About Me

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I'm a Cairns, far north Queensland, Australia professional photographer specialising in travel, editorial and environmental portraiture.

Thursday, June 19, 2008

Using your powers for good

The language of photography often seems to be more about receiving than giving. We shoot people, capture them, take their image. But do we give it back to them?

As travellers we can have a great deal of influence over how our countries are perceived in other parts of the world.

In the days of film I often used to find people photography such a one-sided encounter. I would get their permission, snap, snap, snap away and then move on to the next subject. It sometimes seemed to be such an impersonal thing and was one of the reasons I think I found travel people photography so hard at first.

Then I hit upon an idea and started carrying a little photo book of my own around. It had pictures of my house and my family and my cat. My parents, grandparents and as my family evolved my wife and kids. Now I pull it out all the time whenever I'm travelling and it really helps me to break the ice. Show it to one person and pretty soon you've got the whole neighbourhood around you crowding to have a look - and then their picture taken.

And then digital came along and made it even easier to break down the barriers. Suddenly I could show people how they look on the LCD screen. Complete strangers became enthralled with the picture-taking process and active participants, even going so far as to suggest other people I could photograph.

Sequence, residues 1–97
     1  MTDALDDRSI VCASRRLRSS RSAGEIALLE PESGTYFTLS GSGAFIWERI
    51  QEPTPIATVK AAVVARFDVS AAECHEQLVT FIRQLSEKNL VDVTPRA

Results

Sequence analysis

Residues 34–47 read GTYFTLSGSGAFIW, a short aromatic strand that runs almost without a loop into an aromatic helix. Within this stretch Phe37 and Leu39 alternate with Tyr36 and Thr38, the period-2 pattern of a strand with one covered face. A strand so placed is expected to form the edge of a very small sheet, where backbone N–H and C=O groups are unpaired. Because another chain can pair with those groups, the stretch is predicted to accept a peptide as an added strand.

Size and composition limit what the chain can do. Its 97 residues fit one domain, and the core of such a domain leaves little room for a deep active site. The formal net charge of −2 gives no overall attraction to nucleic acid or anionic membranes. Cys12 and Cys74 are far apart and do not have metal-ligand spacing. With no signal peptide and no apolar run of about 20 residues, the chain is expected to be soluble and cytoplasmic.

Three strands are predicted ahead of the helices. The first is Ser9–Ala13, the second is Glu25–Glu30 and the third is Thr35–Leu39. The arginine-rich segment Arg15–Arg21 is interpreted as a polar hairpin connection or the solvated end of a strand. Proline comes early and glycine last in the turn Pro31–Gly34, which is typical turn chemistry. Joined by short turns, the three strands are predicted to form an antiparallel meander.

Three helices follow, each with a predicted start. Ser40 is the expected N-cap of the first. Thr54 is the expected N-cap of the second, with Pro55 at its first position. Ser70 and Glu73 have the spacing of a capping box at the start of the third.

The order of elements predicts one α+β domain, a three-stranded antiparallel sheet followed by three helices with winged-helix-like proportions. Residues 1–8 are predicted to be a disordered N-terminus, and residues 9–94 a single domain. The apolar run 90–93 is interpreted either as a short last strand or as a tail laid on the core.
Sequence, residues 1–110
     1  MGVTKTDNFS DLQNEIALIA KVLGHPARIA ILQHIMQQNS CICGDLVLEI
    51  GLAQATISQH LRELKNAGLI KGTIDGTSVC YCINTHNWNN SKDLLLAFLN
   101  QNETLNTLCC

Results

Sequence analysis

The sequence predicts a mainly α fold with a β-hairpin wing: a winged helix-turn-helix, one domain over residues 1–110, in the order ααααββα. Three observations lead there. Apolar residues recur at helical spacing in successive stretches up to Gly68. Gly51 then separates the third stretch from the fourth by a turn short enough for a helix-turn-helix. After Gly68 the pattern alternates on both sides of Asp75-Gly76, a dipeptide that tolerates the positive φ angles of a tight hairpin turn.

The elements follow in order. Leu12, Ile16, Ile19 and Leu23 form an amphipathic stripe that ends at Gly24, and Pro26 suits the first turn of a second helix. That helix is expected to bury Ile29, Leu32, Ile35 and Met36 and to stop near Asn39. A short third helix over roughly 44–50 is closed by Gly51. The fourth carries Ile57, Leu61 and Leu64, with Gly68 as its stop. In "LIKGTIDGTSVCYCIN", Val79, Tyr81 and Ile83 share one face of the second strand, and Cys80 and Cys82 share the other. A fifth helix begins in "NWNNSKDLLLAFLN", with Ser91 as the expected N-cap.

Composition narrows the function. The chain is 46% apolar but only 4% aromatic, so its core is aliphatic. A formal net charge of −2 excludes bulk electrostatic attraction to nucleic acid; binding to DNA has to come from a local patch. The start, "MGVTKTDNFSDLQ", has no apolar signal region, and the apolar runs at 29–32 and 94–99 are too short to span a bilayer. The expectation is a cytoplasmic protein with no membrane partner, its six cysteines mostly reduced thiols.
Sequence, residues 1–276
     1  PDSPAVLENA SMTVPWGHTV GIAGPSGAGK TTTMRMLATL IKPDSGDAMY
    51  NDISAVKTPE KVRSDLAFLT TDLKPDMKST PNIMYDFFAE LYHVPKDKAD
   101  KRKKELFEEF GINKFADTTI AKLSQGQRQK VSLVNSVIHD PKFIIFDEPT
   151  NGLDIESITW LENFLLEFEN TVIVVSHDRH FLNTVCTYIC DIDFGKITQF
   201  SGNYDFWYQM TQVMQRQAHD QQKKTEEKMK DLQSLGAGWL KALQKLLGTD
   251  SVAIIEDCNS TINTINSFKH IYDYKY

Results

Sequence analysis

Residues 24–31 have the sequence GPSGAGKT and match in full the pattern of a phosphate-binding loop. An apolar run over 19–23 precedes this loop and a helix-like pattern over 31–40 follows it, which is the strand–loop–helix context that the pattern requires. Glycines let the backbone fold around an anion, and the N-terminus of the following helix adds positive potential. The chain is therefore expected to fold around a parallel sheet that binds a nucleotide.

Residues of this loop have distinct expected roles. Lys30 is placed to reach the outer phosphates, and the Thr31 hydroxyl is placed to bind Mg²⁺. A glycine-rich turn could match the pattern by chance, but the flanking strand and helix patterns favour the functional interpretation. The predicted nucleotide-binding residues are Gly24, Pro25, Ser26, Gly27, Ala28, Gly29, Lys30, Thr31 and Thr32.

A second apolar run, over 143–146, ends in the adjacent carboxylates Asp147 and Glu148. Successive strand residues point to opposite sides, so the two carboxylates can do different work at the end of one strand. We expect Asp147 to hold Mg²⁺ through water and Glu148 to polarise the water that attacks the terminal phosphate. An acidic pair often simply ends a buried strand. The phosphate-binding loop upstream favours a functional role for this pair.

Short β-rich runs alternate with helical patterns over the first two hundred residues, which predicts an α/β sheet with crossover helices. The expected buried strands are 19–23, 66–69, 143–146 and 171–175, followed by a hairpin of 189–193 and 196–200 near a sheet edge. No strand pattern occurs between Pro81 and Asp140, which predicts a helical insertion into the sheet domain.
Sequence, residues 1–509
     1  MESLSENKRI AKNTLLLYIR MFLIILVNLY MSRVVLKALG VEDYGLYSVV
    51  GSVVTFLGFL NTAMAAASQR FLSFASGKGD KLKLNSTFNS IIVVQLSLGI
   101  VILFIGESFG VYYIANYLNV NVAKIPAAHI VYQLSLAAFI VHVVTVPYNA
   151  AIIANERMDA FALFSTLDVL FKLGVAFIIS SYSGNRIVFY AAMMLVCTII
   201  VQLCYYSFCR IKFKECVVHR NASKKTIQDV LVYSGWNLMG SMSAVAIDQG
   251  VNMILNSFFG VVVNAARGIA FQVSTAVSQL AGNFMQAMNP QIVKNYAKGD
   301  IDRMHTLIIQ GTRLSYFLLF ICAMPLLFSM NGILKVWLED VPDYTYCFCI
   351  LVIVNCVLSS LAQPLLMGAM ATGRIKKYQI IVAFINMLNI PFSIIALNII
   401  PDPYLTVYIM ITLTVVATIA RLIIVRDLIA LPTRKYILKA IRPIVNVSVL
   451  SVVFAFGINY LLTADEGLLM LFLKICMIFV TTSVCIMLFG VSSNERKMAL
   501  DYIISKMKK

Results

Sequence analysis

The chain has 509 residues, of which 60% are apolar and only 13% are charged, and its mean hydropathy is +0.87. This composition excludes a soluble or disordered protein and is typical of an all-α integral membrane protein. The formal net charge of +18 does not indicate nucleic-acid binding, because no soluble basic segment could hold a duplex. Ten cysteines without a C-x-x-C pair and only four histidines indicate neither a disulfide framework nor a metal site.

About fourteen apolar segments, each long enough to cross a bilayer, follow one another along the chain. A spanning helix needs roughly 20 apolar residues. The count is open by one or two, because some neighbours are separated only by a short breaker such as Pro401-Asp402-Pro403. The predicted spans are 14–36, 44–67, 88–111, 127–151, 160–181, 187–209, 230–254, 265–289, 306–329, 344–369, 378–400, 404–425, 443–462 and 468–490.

Suddenly travel portrait photography was a two way street. They got as much out of the encounter as I did and I now find people photography so enjoyable. But I'm looking at taking things a bit farther still. Now that there are little printing booths all over the world how easy would it be to get some prints printed off the same day and take them back a few hours after you've photographed them. It won't cost a fortune for a couple of prints and you'll have made a friend for life. And given them a great impression of your country.

Often people in third world countries don't know their own address, if they even have one sometimes. And you're never sure if pictures you send from home are going to get there in one piece. With instant printing you can see their reaction when you give them a picture. How wonderful is that?

We're all ambassadors for our homes when we travel and our cameras can mean that we're seen as so much more than the idiot politicians who represent what our respective nations supposedly stand for.

This photo above is in that same vein but not a complete stranger. This is my father-in-law and this hero shot of him atop Mt Teine on the outskirts of Sapporo has graced a few newspapers and magazines which now take pride of place in his home. It makes him happy to see himself in print, not so nervous about having a scumbag photographer for a son-in-law and keeps me in good with the in-laws. Did I mention that photos can be used as bribes too? :)

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